Now that would be real 21st century lunar exploration. No surprise boulder fields causing the NASA controllers to turn blue wondering if the lander was going to run out of fuel and crash before it found a safe place to land. With today’s technology, especially the ability to scout a landing site using rovers first, that would border on criminal negligence by NASA.

  • Tom

    Dave-

    Check the asteroid Vinf values by doing a search using this web page:

    http://neo.jpl.nasa.gov/cgi-bin/neo_ca

    Some Vinf are quite low, most aren’t.

    You make some great points about over-promising the moon…just make sure that you don’t over-promise asteroids as an alternative.

  • [...] Librarian’s Note: The guys/gals who documented the film should have the DVDs up on their website soon. I got a production goof that also contains the Leshin & Spudis talks. I can see why Dr. Spudis’ talk may have ruffled a few feathers, as noted over at Space Politics. [...]

  • Thomas: Regarding the genesis rock, fair enough. My point that not all rocks will be so easy to find remains. Also, this rock was not found on a flat empty field. Would your rover or its remote operators have been able to cover enough rugged territory rapidly enough to have found the rock, then, more importantly, have noticed it amid the clutter? Then, would they have recognized it for what it was? Human eyes are remarkably skilled at separating patterns from background clutter in real time.

    And as for you trench example. Rovers have the ability to did trenches as well and the operator would see those bottles, nails, etc. just as well as the astronaut.

    Maybe some, but I don’t think even robotics experts think that rovers could do this “just as well as an astronaut.” When geologists start regularly resorting to robots in the Arizona desert because they are superior to what they can do, then I’ll grant your point. Robots today are used because there is no perceived choice, not because of their skills.

    More to the point, not running on a limited Oxygen supply the rover would have time to carefully study them in-situ before their removal.

    Oxygen is cheap, and, if we actually go there and separate it from the rocks, it is likely to be relatively so on the moon. Likewise, an astronaut in a few hours could cover as much ground, and do it in far greater detail, than any rover has yet demonstrated in years of operation.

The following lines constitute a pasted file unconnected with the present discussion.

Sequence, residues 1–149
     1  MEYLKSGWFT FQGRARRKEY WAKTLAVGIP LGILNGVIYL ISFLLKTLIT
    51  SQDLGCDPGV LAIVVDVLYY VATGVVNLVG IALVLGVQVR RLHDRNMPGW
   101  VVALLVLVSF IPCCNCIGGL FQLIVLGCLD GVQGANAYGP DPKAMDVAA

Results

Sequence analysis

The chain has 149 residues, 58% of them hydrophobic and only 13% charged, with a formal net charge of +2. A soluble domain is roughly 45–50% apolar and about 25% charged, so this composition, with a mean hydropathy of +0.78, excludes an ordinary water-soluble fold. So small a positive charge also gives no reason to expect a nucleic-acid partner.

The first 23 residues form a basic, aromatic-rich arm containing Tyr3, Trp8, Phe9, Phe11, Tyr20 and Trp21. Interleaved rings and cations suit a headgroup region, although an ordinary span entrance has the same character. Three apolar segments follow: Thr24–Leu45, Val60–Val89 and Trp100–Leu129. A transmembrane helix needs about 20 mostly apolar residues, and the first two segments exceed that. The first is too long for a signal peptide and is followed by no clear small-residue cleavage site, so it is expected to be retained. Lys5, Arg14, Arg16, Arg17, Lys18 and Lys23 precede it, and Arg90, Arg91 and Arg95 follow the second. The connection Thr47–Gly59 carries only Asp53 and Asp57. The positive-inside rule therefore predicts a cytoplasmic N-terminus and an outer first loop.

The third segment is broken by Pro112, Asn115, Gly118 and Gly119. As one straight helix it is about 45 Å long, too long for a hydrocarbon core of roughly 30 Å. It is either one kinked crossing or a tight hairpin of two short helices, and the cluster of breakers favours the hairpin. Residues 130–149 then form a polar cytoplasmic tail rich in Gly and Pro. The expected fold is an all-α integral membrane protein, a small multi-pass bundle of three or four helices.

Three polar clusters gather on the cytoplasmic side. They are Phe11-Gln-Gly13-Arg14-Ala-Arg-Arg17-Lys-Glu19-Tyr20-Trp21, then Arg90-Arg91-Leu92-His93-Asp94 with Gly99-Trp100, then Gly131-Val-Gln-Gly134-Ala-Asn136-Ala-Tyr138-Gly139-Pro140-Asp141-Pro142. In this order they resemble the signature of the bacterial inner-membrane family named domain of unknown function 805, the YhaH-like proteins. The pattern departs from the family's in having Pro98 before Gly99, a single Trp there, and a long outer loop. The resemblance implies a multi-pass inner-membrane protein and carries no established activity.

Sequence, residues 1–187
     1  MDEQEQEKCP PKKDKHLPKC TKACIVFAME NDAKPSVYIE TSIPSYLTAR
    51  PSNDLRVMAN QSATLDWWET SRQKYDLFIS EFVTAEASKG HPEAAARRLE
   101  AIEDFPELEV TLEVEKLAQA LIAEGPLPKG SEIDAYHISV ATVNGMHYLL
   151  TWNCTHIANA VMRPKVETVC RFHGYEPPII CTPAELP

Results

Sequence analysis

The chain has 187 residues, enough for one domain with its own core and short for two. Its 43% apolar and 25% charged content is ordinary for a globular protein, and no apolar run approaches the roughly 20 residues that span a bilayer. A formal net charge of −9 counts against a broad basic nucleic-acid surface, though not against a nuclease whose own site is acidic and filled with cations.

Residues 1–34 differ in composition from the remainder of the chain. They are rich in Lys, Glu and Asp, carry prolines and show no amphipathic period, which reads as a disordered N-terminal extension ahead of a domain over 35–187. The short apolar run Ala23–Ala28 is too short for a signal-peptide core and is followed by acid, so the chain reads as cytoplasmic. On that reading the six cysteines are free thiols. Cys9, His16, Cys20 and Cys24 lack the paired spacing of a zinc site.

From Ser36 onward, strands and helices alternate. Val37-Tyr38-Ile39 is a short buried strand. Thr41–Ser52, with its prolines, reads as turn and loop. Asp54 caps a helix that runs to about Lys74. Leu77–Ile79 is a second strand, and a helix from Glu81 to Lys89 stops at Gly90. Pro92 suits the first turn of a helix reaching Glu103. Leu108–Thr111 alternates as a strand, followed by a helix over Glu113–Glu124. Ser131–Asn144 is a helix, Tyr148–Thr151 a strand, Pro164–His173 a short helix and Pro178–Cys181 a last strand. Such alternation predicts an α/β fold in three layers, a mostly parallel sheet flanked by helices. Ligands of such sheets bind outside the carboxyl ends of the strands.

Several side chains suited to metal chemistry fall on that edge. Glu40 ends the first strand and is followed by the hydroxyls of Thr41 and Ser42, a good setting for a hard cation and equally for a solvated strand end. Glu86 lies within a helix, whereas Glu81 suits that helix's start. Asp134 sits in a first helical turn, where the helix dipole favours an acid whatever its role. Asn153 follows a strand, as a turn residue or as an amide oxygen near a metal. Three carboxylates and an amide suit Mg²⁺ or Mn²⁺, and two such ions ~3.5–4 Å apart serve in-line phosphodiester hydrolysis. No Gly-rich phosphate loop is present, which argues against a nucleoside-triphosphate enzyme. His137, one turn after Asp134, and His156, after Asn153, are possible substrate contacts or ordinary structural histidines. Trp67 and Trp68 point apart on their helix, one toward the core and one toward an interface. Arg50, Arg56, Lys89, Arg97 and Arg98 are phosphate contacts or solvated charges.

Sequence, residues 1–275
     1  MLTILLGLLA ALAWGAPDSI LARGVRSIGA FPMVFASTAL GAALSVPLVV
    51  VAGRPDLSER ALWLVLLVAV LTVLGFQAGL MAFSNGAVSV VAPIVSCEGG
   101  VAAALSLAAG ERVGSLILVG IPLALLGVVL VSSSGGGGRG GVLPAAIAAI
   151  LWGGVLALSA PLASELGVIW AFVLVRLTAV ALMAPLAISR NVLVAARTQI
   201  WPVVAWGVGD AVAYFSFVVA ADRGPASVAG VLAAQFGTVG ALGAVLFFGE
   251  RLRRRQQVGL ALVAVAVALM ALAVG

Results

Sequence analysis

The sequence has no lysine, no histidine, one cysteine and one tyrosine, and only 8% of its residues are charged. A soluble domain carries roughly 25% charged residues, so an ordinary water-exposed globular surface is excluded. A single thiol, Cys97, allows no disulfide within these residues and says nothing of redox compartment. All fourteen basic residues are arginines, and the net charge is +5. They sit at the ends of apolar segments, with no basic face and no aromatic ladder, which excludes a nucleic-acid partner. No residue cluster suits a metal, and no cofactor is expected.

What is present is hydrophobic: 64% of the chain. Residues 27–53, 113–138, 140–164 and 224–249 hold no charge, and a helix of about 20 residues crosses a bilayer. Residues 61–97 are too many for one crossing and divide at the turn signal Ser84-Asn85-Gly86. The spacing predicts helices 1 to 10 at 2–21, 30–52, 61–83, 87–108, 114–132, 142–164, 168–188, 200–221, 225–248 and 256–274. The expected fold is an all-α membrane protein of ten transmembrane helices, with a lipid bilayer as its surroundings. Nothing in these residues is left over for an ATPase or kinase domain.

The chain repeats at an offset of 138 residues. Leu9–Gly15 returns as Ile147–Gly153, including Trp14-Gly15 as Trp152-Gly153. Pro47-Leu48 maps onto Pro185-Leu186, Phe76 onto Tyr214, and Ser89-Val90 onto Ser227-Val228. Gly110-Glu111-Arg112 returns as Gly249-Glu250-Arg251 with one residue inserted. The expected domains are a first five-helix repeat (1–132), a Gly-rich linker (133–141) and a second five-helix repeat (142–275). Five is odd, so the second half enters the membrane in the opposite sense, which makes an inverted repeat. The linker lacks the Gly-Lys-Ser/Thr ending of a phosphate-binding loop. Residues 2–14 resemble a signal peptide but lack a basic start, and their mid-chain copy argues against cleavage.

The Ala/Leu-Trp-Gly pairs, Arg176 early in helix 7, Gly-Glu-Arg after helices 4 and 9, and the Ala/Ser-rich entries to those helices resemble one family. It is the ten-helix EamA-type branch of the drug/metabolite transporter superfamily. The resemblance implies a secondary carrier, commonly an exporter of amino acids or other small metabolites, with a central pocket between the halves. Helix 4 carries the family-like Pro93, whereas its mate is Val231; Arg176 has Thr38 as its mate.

Indeed the rover could even do a microscopic and spectroscopic study of them in-situ which an Astronaut not be able to do.

    Of course astronauts can do that. First, an astronaut can look through the camera, than act on it in real time. (Sure, to a very limited degree, you could use teleoperation on the moon, but then you learn none of the skills you would need to do geology in the other accessible parts of the Solar System, where teleoperation from Earth ranges from difficult to impossible.) More importantly, few cameras have the color resolution and none have the pattern recognition abilities of a human eye.

    And best of all the video tape of the dig would allow other researchers, even years later, perhaps see new details of the discovery and how the objects were handled at the time of discovery, something not possible with your discovery of the bottles in your trench.

    Maybe I’m missing something, but I do believe the photos taken by the astronauts on the moon are still being studied today. The astronauts rapidly took multiple photos of every target, both cross-sun and down-sun (once astronauts realized on Apollo-11 that was important), tasks that would take any foreseeable rover months or years.

    A proper VSE would have a group of robots waiting for the first astronauts to arrive

    I have not argued against this, so long as they are cheap and optimized for this task. It’s automating science I’m dubious about, not reconnaissance.

    – Donald

  • Thomas Matula

    Donald,

    Its not automating science. Its about expanding human capabilities. Once upon a time all astronomy was done using eye pieces and the human eye. And the same arguments about how no camera would be better then a human eye for seeing planetary details were used as you are using now for rovers. They progress came along and today even many amateurs use CCD’s for their serious observing and human eye astronomy has disappeared at the professional level.

    Also, as I noted, don’t compare the speed of the Mars rovers with the Lunar ones. Bandwidth and a 1.5 second delay make a huge difference. And even with their communication related speed handicap the MERs have covered a lot of ground.

  • Thomas: the MERs have covered a lot of ground

    But, I walk more almost every single day than each of them have covered in three years. Also, faster rovers can get in trouble faster. One of the reasons the MERs have succeeded is their extreme care in taking on the landscape, and even then they’ve had some very close calls. Duplicate that care on the moon, and you’re not likely to go very fast no matter what the bandwidth.

    And the same arguments about how no camera would be better then a human eye for seeing planetary details were used as you are using now for rovers.

    That is not the same argument. No astronomer, not one, is likely to argue that a CCD is superior to an eye on site, attached to a hand that can manipulate an object. Once again, telescopes are used because there is no perceived choice, not because of their superior capabilities.